You don’t necessarily have to go to the West End to find good restaurants – if you’re lucky there might be a place near where you live that is always reliably good. Take, for instance, Trattoria Sorrentina in Harrow.
It may be a common fallacy that the best restaurants are only to be found in the heart of any city – local neighbourhoods can also turn up trumps. A local restaurant for local people may not get the attention that celebrity chefs have showered upon them, but they can still provide excellent cuisine without too much fuss. Trattoria Sorrentina is doing just that in the north-west London district of Harrow. Harrow isn’t a place particularly noted for its restaurants, unless you venture up to Harrow-on-the-Hill where the famous public school is surrounded by smarter eating places.
Trattoria Sorrentina is adjacent to what used to be the Granada cinema but which is now a fitness centre. The restaurant has been established for more than thirty years and, although it looks traditional with elaborate murals on the walls, there is certainly nothing old fashioned about it. It looks clean and fresh and the attention to detail extends to linen cloths, flowers on every table and the really attractive presentation of the food.
Unlike some modern Italian restaurants which can appear cold and lifeless, Trattoria Sorrentina seems immediately warm and welcoming. There’s a feeling of comfort here that puts you at your ease. The restaurant obviously has a loyal following among local residents and business people. It’s an ideal place to hold a business lunch or enjoy any sort of celebration such as birthdays or anniversaries and indeed there is always a party menu available with a wide choice of dishes for eight or more diners. The ambience is delightfully quiet and all in all it’s just a very pleasant situation in which to enjoy good food.
Good food? That is certainly the case here, with a range of fine cuisine served with such distinctive flair, it almost takes your breath away. A la carte starters include Mozzarella with Parma ham, tuna mousse wrapped in smoked salmon, carpaccio of beef with Parmesan and baby scallops with bacon and chicory. There’s also a list of pastas and soups while main courses of fish include king prawns with garlic and chilli, monkfish, dover sole, tilapia fillets, sea bass and mixed fish. Other main courses offer veal, baby chicken, fillet steak medallions, calves liver and vegetarian sausages. Whereas the average a la carte spend might be from a very reasonable £10 to £20 per person, the set lunch also represents extremely good value at just £10.50 for two courses or £13.50 for three, including coffee and petits-fours. For starters there is always a fresh soup of the day plus a choice of mozzarella and tomato salad, melon, mushrooms in garlic and wine, and marinated anchovies salad.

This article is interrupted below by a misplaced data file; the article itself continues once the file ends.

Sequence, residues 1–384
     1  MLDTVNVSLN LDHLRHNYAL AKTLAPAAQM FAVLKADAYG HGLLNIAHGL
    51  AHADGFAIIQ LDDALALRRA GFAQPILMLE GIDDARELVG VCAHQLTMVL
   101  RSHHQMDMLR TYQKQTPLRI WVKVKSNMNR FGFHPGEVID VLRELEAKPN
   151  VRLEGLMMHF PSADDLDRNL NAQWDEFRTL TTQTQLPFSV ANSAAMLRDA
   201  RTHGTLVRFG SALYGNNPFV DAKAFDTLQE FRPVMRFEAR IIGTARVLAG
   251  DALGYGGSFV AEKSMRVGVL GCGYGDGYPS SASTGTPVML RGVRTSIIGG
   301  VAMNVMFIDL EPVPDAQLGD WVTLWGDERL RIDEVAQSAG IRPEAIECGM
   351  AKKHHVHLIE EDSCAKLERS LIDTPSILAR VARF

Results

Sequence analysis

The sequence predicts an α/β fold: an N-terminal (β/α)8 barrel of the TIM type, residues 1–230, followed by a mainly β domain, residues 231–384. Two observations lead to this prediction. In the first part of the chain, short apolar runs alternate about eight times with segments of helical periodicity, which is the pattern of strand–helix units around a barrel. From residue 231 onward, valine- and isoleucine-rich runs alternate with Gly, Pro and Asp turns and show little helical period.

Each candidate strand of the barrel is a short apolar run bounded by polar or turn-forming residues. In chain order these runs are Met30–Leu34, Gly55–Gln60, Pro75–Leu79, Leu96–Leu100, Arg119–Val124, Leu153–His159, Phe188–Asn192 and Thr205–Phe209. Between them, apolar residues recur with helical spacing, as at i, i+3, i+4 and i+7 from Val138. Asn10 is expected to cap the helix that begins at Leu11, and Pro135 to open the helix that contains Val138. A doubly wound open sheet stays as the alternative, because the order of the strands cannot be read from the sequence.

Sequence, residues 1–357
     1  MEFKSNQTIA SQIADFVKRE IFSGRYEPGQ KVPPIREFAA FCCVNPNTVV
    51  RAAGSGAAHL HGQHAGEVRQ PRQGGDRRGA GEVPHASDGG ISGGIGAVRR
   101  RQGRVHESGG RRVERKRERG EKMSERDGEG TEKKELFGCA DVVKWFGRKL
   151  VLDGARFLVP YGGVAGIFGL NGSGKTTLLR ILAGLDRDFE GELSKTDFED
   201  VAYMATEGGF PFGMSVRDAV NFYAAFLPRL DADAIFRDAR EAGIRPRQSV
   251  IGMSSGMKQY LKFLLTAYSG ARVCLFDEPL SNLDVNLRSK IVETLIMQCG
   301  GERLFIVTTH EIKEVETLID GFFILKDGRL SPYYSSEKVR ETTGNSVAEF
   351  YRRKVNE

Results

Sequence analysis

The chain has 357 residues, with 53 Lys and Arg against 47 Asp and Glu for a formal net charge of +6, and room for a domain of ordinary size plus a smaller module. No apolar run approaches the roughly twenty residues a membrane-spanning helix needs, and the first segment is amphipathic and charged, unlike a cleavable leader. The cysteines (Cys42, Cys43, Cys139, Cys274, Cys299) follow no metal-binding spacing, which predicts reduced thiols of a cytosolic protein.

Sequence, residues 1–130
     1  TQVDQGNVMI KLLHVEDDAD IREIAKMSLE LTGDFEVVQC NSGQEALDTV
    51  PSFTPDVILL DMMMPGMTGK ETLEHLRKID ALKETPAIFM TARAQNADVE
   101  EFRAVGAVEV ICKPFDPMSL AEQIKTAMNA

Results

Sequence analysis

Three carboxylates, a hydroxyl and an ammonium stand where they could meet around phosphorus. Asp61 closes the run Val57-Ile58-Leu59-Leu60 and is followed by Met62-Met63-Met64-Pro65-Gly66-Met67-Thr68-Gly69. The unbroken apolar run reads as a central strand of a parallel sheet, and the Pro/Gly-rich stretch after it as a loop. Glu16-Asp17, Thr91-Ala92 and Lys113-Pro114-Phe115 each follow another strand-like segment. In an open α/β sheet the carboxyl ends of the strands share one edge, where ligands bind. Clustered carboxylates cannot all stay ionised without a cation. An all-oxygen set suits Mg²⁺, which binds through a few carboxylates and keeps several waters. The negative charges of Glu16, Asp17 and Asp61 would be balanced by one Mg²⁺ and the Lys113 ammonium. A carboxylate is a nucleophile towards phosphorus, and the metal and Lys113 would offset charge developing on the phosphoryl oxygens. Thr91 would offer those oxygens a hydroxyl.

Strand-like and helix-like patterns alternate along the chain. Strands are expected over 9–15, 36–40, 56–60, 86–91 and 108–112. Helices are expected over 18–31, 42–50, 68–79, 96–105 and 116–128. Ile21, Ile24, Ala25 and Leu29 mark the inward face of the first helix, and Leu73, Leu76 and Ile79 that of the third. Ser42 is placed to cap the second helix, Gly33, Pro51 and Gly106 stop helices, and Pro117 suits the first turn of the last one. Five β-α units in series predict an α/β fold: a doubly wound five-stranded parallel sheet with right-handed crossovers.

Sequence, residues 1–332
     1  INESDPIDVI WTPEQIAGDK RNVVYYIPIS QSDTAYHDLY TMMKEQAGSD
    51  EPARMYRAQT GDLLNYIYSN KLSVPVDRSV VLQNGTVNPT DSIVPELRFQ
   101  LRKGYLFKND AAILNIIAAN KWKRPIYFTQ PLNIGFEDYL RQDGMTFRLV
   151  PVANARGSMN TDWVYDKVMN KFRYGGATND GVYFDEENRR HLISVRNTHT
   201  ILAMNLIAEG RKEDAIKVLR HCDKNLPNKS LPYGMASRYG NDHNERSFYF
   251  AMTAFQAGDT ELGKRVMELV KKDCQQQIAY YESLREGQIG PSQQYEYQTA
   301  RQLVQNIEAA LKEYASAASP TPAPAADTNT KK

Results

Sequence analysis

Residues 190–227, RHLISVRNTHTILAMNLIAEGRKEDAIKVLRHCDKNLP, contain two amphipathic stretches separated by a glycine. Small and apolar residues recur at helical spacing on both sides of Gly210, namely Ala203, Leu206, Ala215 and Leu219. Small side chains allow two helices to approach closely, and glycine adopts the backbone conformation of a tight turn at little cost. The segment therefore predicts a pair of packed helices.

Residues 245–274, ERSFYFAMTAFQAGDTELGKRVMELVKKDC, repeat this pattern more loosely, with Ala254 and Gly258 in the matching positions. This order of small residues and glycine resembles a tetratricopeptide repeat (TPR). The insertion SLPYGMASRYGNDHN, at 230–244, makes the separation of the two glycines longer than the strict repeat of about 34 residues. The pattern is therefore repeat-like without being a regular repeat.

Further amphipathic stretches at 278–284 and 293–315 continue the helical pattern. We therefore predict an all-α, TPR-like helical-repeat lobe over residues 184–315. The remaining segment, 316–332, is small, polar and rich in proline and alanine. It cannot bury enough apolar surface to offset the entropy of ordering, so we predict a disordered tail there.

The mushrooms are exceptionally good steeped in their rich and intensely flavoured sauce, but the anchovies are even better. The tiny marinated fish are presented on a bed of salad leaves spread out all over the plate. They look an absolute picture and they taste just divine. Fine fresh crusty bread and superior butter complete a perfect first course on the set-lunch. The selection of main courses is just as eclectic: fresh ravioli in spicy tomato sauce, breast of chicken in cream and mushrooms, Venetian-style calves liver, grilled salmon with olive oil and lime, and fillets of sole. The salmon is a cut above most you might find elsewhere, packed with flavour and enhanced by the lime and olive oil dressing: simple but nonetheless perfect. Another revelation is the sole which arrives as four neat little examples of the fish with a delicious accompanying sauce of tomato, wine and fennel seeds: just superb and so hot and fresh tasting, that it’s a true pleasure to tuck into this sort of food. Again the presentation is faultless which makes the food appear even more appetising. With the main courses come a large bowl of fresh, mixed vegetables including new potatoes, carrots and broccoli to which you can help yourself. This is truly heaven on a plate.
From a choice of chocolate fudge cake, cassata ice cream, profiteroles or lemon mousse, the last two prove to be excellent – nicely soft choux pastry buns filled with cream and topped with chocolate, and a smoothly luscious mousse with a delicate lemon flavour. Coffee and petits-fours complete an exceptionally good meal.
The bulk of the wine list is devoted to Italian bottles, although there is also a range of wines from around the world. Of the Italian bottles there’s a white Frascati at £16.50 and an Orvieto at £18.50. The red Salice Salentino from Puglia is £21.50, and there’s a Barbera at £20.50 and a Barolo at £39.50. The full range of prices runs from £9.50 for the house wines to £54.50 for some really special bottles. The house Champagne is £36.50 while Dom Perignon is £135. The house red is a Valpolicella and the house white a Pinot Grigio. This last at £3.50 a glass makes a pleasant accompaniment to the meal.
The Last Word
How encouraging it is to find such a very good Italian restaurant in Harrow. It is certainly worth a detour to find such fine cuisine served so imaginatively in pleasant, comfortable surroundings, at a very reasonable price and with such a truly warm welcome. This is why Trattoria Sorrentina is still putting Harrow on the culinary map and why it deserves five stars by anybody’s standards.